Towards the end of a long conversation about the late Tony Sirico, who so memorably played Paulie Walnuts on The Sopranosthe show’s creator, David Chase, told Rolling Stone, “The fans loved him. They were crazy about him! ”
Why was that?
“You know what it was: him! ” Chase said plainly. “He was great. He was always surprising, or outrageous. ”
Chase had lots of fond memories of Sirico, who died on July 8 at age 79. Below, he discusses the “precious little separation” between Sirico and his wiseguy alter ego, how Sirico’s long-ago criminal past may have informed his performance, and how many of Paulie’s tics were borrowed from the man who played him.
[This interview has been condensed and edited for clarity.]
What do you remember about casting Tony as Paulie Walnuts?
I don’t remember his audition. He read for Junior, and I do recall the phone call where I said, “You’re not Junior, but I have this other idea.” But I’m pretty sure he only had one line in the pilot, where Tony’s at the garbage dump and Paulie’s hitting golf balls and says, “T! Dick’s looking for you! ” The reason that’s interesting to me, is that from such an inauspicious beginnings came such a great character.
You said once that you enjoyed writing for Paulie because he had such an unusual worldview and that amused you. How much of that just came from enjoying writing for Tony Sirico?
Oh, yeah. There was precious little separation between the two. It was because of what he did with that stuff. You’d write a line, and then he’d do it, and the look on his face would be so incredibly laughable, and funny. And you’d want to do more. The way he spoke. Here’s something I just thought of now: Everything that he got, he made his. Everything. He made it his own.
There were actors on the show, like Jim Gandolfini, who didn’t like being confused with their characters. But Tony always seemed to take pleasure from being associated with Paulie. Is that fair?
Yes, that’s fair. Certainly, not like Jim. [Tony and Paulie] were close. We had a lot to work with there, from that actor. But he got better and better. He really did. He was doing serious drama the last two or three seasons. It was strange, whatever he did. That’s what’s so great about him: You couldn’t really define it. What made him so great? He seemed so real: “I’m looking at something real here. This is Paulie Walnuts. ”
I’m really gonna miss that guy. I hadn’t seen him in a long time. I keep picturing him in the afterlife, which never happens to me with other people. And I see him making other dead people laugh, or be astounded just watching him, in his track suit. Just great.
It seems that whenever you’re telling a story about Tony, you’re laughing.
Isn’t that incredible? Like, [Paulie] lost his shoe in the woods, or he got the painting of Tony [Soprano] with the horse retouched to be a general. OK, let’s say the writing was good there, just for the sake of argument. But with another actor, it would be cute. He was there. He believed it.
Tony had some history in this world of the Mafia that most of your actors did not. How much do you feel that informed what he was able to do?
Every actor brings with them as a source, as a spring, their life. It’s bubbling underneath the surface. And for him, no different. I think it was a lot, the experiences that he had had. Now that he’s gone, I would love to talk to him more about that, and see how much awareness he had of that. What did he think about his road? He told me that he had a role as a hoodlum on Baretta, and there was a scene in which Robert Blake grabs him, throws him against the car and sweats him, and he gives it up under duress, whatever Baretta wants to know. And he called his family, very proud, “Watch my thing,” And his son was crying, going, “You squealed!”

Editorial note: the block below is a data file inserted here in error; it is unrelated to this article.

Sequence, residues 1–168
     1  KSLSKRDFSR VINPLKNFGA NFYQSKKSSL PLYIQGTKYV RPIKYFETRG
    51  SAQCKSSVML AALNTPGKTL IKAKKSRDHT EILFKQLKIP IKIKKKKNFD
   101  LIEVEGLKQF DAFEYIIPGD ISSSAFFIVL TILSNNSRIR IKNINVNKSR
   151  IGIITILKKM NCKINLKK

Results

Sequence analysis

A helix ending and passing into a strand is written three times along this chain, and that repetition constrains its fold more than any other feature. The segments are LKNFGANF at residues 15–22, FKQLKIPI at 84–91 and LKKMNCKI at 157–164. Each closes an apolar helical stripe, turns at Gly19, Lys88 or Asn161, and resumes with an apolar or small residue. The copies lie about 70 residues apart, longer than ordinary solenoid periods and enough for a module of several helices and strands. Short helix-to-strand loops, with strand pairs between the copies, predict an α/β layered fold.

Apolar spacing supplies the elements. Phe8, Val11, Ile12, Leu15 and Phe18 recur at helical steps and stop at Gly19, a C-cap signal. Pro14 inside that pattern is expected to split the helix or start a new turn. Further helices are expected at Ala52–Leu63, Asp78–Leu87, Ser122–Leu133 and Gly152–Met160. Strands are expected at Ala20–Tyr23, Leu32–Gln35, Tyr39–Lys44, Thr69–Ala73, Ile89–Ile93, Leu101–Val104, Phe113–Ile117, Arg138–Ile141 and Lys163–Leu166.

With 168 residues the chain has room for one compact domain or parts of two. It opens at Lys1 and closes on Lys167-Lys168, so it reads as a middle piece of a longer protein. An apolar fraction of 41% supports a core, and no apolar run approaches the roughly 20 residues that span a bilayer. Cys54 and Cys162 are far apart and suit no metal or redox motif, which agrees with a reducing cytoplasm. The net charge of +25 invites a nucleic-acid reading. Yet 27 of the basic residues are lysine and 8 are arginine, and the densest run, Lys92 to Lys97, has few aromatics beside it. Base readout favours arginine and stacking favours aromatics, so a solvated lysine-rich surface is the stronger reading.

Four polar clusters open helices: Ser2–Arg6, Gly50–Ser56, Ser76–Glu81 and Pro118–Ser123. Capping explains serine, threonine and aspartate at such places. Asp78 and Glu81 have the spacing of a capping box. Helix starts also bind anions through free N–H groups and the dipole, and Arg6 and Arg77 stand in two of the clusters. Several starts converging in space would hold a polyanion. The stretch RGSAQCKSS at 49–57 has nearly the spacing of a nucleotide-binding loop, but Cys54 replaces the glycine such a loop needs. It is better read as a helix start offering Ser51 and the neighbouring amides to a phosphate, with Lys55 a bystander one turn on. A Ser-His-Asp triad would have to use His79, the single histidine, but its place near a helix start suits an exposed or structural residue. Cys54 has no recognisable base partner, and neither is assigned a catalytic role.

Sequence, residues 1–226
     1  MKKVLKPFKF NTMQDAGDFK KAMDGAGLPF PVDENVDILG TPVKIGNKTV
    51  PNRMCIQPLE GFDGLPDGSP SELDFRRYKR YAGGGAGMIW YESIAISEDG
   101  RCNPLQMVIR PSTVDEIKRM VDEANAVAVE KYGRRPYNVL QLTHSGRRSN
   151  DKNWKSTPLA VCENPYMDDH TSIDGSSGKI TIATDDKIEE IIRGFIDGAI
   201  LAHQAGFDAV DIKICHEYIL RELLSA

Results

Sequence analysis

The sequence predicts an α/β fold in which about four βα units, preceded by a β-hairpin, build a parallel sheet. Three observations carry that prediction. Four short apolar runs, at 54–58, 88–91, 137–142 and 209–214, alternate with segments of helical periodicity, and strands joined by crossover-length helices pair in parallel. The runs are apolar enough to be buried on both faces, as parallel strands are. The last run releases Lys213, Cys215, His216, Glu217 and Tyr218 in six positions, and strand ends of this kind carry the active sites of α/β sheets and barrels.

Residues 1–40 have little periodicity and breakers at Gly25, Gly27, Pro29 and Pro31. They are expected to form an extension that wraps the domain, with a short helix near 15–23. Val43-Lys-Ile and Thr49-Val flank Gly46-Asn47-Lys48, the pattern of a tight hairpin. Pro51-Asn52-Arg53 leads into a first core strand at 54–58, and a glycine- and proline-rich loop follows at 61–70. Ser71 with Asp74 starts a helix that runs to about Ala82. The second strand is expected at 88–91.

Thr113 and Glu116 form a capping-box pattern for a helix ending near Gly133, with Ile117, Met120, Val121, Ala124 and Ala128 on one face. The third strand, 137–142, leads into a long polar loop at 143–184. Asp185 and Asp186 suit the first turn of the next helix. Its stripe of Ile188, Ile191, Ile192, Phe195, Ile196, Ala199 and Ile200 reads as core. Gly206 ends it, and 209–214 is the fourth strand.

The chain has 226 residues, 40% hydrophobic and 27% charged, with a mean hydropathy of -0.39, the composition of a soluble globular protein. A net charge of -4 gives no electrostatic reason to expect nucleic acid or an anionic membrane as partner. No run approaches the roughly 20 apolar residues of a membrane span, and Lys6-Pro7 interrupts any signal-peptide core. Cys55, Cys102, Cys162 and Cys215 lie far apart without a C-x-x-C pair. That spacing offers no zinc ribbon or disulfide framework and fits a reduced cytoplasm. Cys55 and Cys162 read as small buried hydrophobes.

What was he like to be around?
That’s the thing – being around him was pleasant. That’s what I’m gonna miss. It was great to spend time around him. He was outrageous!
In what way?
His thought patterns, the things he came up with, the way he phrased it. It sometimes felt like he was bringing history all the way back to Lucky Luciano with him, just in the way he said things, or the values that he espoused. And I don’t mean that that’s all he could do, was be a gangster. It’s just that when you were talking to him, you or I never had any experience like that in your life, so of course you wanted to hear them.
You’ve said that Tony liked to function as a kind of second director in scenes, telling the other actors where to go.
He would do that with junior people. He didn’t do that with Jim. He liked to direct, though.
A lot of actors, if they attempted to do such a thing on your set, would not be allowed to get away with it. Yet you tell that story with such fondness. Was there something about Tony that gave him more latitude with that kind of thing?
I guess so. If any other actor had made a habit out of it, it would have had to have been stopped, because the other actors would have resented it. But with him, maybe they resented it, but it just never came up. I think because he was so out there, and that was part of him, and they saw something in it. That there was a kind of loving exasperation.
One of Paulie’s tics was to repeat jokes he had just told, just to make sure everyone in the room heard him being funny. Was that something you invented, or something Tony did?
He did that.
Every showrunner eventually puts some of an actor’s personality into the character they’re playing. Did you tend to that more with Tony than with most of your actors?
We do that quite a bit with all of them. But yeah, I’d say Tony got a lot. You couldn’t let it go. The fact that he wouldn’t let our hair people touch his hair? That was pure gold. And his germophobia? Gold. For a gangster, it was great. One of my favorite things was his monologue about urine on his shoelaces. No one could have done that as well!